Business_news Waymo is crowdsourcing AV research by publishing a dataset (GOOGL)


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Waymo, Alphabet’s autonomous vehicle (AV) subsidiary, announced on Wednesday that it would release an AV dataset to the public.

A Jaguar I-PACE self-driving car is pictured during its unveiling by Waymo in the Manhattan borough of New York

The data comes from sensors on Waymo’s self-driving vehicles, collected in a variety of driving conditions across California, Washington, and Arizona. By putting data in the hands of researchers, Waymo hopes to facilitate advances in “2D and 3D perception, and progress on areas such as domain adaptation, scene understanding, and behavior prediction.”

A Waymo principal scientist told Axios that “the more smart brains you can get on the problem, whether inside or outside the company, the better.” The dataset will come prelabeled with 2 million 3D labels and 1.2 million 2D labels — this should be particularly appealing to researchers, as the labeling process can otherwise be time- and labor-intensive.

AV companies have turned to outsourcing research to expedite the development of their technology, which relies on AI. By releasing a dataset, Waymo is hoping to glean insights from sources beyond its internal research pool. Other companies with AV investments — including Argo and Lyft — have already released datasets to the public.

The datasets only represent a fraction of the data collected by the companies’ respective AV fleets, but they should give researchers enough data to develop insights for publication in academic journals, thus helping to advance AV technology across the board.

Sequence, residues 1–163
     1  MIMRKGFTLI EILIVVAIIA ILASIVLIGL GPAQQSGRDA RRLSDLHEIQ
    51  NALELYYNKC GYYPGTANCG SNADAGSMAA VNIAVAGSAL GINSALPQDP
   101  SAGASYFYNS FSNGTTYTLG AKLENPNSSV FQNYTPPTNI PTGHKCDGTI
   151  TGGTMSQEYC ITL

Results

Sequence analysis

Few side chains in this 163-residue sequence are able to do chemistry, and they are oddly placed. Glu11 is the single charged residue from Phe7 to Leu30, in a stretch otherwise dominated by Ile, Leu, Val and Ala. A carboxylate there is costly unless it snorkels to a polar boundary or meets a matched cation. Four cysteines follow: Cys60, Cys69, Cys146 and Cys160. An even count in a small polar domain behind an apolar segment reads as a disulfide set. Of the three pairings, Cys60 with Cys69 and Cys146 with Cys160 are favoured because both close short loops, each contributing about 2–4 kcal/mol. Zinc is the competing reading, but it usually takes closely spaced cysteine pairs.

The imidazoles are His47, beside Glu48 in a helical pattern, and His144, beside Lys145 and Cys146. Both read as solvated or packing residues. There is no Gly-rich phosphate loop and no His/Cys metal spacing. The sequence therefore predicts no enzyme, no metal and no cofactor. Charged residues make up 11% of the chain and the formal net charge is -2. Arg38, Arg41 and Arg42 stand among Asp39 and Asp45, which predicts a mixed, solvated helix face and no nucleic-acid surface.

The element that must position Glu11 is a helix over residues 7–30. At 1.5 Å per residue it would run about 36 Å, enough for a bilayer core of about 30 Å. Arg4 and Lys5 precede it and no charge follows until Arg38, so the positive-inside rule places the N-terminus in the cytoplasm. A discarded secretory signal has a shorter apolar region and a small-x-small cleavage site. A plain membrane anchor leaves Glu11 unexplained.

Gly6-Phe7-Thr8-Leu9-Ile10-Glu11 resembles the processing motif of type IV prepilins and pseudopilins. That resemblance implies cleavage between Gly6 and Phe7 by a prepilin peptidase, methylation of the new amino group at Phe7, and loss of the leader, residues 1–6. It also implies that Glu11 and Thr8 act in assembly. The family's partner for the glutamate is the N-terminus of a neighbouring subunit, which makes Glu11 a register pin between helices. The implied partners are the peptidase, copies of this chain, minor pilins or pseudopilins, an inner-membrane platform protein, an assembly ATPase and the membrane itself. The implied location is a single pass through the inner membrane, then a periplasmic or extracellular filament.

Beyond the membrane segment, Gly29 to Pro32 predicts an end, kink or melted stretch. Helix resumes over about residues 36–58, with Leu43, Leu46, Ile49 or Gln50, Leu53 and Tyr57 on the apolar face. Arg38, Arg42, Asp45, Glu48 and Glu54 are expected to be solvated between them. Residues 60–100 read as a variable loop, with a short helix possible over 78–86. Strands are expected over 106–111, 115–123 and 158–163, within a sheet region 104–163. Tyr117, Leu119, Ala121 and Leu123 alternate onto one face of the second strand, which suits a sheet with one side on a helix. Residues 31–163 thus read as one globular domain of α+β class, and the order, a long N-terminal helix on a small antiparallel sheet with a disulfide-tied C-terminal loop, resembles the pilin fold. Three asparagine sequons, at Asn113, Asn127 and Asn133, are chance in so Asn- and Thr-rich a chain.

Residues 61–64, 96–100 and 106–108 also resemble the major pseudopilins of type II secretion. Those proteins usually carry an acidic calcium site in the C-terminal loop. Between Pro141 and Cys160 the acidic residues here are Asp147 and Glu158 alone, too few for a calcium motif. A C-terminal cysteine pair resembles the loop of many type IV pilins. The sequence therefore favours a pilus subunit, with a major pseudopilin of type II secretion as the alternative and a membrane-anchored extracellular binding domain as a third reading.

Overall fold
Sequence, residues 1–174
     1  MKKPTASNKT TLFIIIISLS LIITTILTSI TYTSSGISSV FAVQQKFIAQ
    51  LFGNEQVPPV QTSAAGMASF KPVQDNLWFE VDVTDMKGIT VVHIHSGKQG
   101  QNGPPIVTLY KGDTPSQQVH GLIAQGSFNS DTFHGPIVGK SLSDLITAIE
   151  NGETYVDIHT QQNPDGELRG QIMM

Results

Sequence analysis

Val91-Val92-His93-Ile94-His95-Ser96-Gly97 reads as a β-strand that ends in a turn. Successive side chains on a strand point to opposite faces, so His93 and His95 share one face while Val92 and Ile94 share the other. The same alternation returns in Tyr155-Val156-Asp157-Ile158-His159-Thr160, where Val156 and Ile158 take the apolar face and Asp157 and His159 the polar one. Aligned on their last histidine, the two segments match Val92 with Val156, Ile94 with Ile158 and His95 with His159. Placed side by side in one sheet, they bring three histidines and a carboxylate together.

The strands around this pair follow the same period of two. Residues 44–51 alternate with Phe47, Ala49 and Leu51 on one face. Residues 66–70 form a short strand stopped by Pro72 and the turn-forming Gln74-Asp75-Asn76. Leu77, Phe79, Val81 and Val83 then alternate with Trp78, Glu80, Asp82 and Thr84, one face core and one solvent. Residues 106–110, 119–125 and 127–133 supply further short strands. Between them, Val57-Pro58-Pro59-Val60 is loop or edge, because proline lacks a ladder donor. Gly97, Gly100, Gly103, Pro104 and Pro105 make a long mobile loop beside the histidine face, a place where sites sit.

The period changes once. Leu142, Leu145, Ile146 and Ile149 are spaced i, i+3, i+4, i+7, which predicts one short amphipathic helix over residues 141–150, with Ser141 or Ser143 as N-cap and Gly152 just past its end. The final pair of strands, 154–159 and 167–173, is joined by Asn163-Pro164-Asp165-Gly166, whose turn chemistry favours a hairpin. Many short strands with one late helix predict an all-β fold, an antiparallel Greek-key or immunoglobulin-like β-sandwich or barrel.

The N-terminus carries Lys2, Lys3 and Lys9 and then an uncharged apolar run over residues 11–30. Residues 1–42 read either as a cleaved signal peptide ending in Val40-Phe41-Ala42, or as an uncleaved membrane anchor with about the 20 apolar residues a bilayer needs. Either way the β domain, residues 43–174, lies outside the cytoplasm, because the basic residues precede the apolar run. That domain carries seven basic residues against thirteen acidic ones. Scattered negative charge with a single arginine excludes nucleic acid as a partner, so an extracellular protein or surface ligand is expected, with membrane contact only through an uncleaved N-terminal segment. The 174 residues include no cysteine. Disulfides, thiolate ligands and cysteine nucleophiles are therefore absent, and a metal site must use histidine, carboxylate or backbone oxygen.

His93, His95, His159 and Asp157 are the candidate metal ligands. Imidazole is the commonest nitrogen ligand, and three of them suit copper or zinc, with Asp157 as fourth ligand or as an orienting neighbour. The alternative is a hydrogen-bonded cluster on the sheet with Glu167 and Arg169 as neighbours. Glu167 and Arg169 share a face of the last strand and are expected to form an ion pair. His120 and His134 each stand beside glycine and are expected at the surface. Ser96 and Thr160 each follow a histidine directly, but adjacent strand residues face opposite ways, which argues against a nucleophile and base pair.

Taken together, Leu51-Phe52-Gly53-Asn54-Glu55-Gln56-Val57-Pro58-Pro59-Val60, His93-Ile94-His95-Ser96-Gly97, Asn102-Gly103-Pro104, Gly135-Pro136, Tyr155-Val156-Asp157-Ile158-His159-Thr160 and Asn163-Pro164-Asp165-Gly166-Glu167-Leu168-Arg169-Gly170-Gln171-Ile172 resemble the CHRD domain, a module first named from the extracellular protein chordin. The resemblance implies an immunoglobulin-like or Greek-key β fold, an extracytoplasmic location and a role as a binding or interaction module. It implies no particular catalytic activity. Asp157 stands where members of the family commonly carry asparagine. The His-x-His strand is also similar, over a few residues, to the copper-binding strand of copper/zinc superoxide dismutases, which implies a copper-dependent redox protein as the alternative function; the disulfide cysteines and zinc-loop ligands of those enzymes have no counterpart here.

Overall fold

Releasing datasets is just one method of expediting AV research. Here are two other examples:

  • Crowdsourced labeling. AV technology relies on AI to interpret surroundings and make maneuvering decisions. To train AI models, humans often manually label datasets. For instance, for an AV to recognize a traffic light, it must be able to reference a backlog of thousands of human-labeled traffic lights from previous encounters. Manual labeling is an extremely labor-intensive process — it accounts for an estimated 80% of the labor time associated with developing AI technology. AV companies have turned to crowdsourced labor to reduce labeling costs. Amazon Mechanical Turk, the most prominent of such services, pays people to label data, often pennies per task. In 2018, The Atlantic cited an estimate that the median hourly wage on the service hovered around $2 per hour.
  • Self-taught AI. Advanced AI models can validate their own test data, to some extent. This is because they have multiple models, and thus a new model can be trained and verified based on previously tested models. If the new model performs better than older models, it replaces them, thus improving the quality of the system as a whole. These sorts of systems have been implemented by Google’s DeepMind, for instance, to generate boxes for Waymo AVs around pedestrians, bicyclists, and motorcyclists. While the system reduces the need for human verification, it does not eliminate it entirely, as DeepMind claimed “the best training regimen … is commonly achieved through an engineer’s experience and intuition.”

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